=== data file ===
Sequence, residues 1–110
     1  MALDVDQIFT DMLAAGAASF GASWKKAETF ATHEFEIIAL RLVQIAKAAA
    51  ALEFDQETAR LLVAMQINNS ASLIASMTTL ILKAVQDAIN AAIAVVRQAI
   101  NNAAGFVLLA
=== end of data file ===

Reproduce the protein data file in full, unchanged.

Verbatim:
Sequence, residues 1–110
     1  MALDVDQIFT DMLAAGAASF GASWKKAETF ATHEFEIIAL RLVQIAKAAA
    51  ALEFDQETAR LLVAMQINNS ASLIASMTTL ILKAVQDAIN AAIAVVRQAI
   101  NNAAGFVLLA